For the last six years we’ve carried out an annual staff survey, as part of our ongoing commitment to making Engage a great place to work and to help highlight any areas of the business maybe requiring a little more attention.
After initially deciding it was an exercise worth doing, the biggest barrier to getting everything off the ground was composing the actual survey itself.
So with that in mind, I thought it would be useful to share our approach along with the specific questions we ask, in the hope that they’ll be helpful had you been planning something similar but just not found the time.
Disclaimer: I’d caution that you need to already have a fairly healthy team and culture in place before committing to something like this. Even with a strong team, you’ll likely get a few curveballs and pockets of discontentment so it’s essential to have both the capacity and commitment to follow up and action things where necessary.
What are the benefits?
There’s no doubt that opening yourself up to completely honest feedback from your whole company on a series of potentially contentious topics could be seen as brave… or foolhardy, depending on your perspective.
A few people I’ve discussed it with have responded with comments such as ‘No chance’ and ‘I’m not opening that can of worms’ - highlighting the general reluctance in companies to open themselves up to feedback from the people who essentially are the company - driven by a fear of what it could expose.
The obvious counter argument to this ‘bury your head in the sand’ approach is that issues don’t magically resolve themselves without intervention and have a nasty habit of coming to light in the worst possible ways when simply left to fester.
Thus, taking a head-on approach can often nip things in the bud, set a positive cultural precedent and wait for it…. may actually generate some surprising and positive feedback about the things you’re doing great at, which makes it all worthwhile.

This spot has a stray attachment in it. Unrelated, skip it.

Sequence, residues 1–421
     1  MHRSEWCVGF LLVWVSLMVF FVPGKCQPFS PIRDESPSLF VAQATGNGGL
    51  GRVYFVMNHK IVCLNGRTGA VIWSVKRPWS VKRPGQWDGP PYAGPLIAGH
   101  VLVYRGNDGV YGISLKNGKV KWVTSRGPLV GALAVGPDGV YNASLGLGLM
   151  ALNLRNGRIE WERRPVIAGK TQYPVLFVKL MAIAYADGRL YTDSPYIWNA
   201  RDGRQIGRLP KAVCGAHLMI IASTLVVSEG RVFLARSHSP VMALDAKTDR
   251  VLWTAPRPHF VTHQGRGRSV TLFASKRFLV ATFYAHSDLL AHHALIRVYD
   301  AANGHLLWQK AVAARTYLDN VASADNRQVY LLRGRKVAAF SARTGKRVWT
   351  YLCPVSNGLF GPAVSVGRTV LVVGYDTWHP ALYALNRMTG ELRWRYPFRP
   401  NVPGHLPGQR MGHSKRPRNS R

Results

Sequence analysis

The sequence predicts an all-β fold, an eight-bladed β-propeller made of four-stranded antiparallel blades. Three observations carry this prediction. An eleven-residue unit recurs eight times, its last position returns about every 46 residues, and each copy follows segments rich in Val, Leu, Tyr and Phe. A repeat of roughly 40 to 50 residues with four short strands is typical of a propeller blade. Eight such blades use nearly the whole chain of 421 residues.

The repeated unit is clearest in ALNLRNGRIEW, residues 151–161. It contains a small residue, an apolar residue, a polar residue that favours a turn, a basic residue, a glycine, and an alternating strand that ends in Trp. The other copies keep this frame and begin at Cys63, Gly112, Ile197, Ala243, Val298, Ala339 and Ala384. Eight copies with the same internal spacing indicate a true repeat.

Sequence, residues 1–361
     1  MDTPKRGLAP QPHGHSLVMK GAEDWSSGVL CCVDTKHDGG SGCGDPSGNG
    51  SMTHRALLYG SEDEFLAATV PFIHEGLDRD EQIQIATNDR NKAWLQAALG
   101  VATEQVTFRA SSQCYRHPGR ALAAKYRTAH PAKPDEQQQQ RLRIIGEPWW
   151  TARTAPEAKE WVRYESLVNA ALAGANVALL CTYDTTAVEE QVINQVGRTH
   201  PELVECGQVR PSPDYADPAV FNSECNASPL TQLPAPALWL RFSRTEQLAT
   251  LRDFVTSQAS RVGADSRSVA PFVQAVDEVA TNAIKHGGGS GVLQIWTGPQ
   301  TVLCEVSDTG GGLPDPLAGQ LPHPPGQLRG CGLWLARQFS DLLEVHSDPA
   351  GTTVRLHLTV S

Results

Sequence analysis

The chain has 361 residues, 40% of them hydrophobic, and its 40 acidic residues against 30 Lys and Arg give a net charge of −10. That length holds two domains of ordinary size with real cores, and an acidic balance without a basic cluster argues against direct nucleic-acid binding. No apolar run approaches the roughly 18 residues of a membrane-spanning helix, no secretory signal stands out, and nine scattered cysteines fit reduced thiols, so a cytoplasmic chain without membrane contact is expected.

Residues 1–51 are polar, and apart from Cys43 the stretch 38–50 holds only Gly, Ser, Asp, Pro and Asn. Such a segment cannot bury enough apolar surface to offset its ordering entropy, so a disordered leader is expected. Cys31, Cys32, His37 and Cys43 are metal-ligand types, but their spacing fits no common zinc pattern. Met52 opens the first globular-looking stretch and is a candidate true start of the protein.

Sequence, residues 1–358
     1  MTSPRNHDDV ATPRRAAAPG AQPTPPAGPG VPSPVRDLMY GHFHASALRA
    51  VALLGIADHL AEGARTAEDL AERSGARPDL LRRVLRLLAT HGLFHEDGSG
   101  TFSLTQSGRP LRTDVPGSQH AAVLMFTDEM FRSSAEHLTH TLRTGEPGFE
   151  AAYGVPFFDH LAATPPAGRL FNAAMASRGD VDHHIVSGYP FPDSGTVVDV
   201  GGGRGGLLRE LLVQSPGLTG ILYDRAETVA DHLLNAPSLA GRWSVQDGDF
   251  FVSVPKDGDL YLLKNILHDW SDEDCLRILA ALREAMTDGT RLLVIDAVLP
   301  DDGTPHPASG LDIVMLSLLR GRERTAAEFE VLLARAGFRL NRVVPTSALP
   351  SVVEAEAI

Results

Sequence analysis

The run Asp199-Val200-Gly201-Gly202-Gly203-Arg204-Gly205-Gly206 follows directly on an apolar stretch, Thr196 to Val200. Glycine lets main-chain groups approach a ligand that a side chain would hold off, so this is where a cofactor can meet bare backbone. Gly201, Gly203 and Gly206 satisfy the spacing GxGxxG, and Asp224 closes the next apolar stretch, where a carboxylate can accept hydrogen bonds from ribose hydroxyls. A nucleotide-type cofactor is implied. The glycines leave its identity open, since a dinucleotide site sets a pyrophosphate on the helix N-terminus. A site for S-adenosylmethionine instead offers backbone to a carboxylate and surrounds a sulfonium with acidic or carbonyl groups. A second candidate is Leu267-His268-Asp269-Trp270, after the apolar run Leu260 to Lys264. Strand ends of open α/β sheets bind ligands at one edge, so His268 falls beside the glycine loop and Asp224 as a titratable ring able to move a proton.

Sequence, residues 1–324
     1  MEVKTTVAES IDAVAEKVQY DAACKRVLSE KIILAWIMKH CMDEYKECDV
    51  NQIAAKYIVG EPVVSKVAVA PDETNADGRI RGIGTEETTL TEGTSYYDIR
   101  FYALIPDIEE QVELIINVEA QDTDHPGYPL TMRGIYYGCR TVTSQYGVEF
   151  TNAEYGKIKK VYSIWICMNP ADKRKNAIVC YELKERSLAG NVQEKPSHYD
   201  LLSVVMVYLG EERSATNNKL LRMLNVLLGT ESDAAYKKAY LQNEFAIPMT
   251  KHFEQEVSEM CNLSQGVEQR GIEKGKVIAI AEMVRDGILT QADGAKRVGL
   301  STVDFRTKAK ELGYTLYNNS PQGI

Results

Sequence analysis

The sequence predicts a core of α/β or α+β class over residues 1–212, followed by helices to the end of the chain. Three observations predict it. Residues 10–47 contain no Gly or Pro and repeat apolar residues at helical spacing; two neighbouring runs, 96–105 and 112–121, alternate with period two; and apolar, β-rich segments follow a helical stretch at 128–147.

“Taking a head-on approach can often nip emerging issues in the bud whilst setting a positive cultural precedent”
Another less tangible benefit, is that it makes teams feel listened to and their input valued.
By simply asking questions about their role and job satisfaction, you’re giving them a voice and opening a channel for direct feedback with the directors on a range of sensitive topics, such as whether they feel they’re paid enough through to whether they can see their long term future with the company.
This is a rare and valuable opportunity to really get to the heart of any emerging issues whilst showing that you’re genuinely committed to listening to feedback and actioning positive change.
Over the years, it’s given us some great management reporting information, in that we’re now able to plot trends across a whole range of company areas and to see how we’re doing over time.
It’s also helped to inform and validate many of our business decisions, such as our move to Leeds and flexible working policies.
We use Typeform to manage our surveys, but then download all the raw data into Google Sheets for post-analysis, as this allows us to dig much deeper into the numbers and also do yearly comparisons of results - a feature currently not supported by Typeform.